No. 152.
Mr. West to Mr. Frelinghuysen.

Sir: I have the honor to inform you that the attention of Earl Granville has been called to the following circumstances, whereby the expenses of the burial of a seaman who had been discharged from the United States Navy, and who died in a destitute state in the general hospital at Yokohama, on the 23d May last, were defrayed out of the British consular chest. It would appear that Her Majesty’s consul having found among the papers belonging to the deceased a continuous-service certificate issued under the United States Navy regulations, he suggested to the hospital authorities that they should apply to the [Page 234] United States consul-general as to whether the holding of such a certificate did not fix the holder with American citizenship. To this application General Van Buren replied in the negative, adding that he had no authority to relieve United States men-of-war’s men when discharged, even in cases where their United States citizenship was beyond doubt.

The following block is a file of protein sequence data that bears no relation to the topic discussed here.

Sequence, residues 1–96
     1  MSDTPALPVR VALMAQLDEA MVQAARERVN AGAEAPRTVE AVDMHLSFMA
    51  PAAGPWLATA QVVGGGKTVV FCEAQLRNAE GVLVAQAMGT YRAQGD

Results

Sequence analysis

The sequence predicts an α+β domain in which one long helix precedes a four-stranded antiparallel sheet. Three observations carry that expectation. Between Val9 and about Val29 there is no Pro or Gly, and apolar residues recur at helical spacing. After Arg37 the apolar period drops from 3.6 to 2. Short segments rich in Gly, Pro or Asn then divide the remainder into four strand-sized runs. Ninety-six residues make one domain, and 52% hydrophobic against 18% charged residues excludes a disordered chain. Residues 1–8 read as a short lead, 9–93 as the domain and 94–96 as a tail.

The question was then referred to the United States naval authorities, their reply being that once a continuous-service certificate lapses the holder loses all claim to assistance. Her Majesty’s consul, in reporting this case, points out that the claim for the payment of burial fees may have been more fairly made on the British than on the United States authorities, inasmuch as the deceased was a native of Ireland; but in view of the numerous instances of seamen of British nationality serving on board United States ships of war, some of whom have retained their nationality while others may have accepted United States citizenship, Her Majesty’s Government would be glad to learn how the United States regard the question, and Earl Granville has consequently instructed me to invite the expression of their opinion on the subject.

I have, &c.,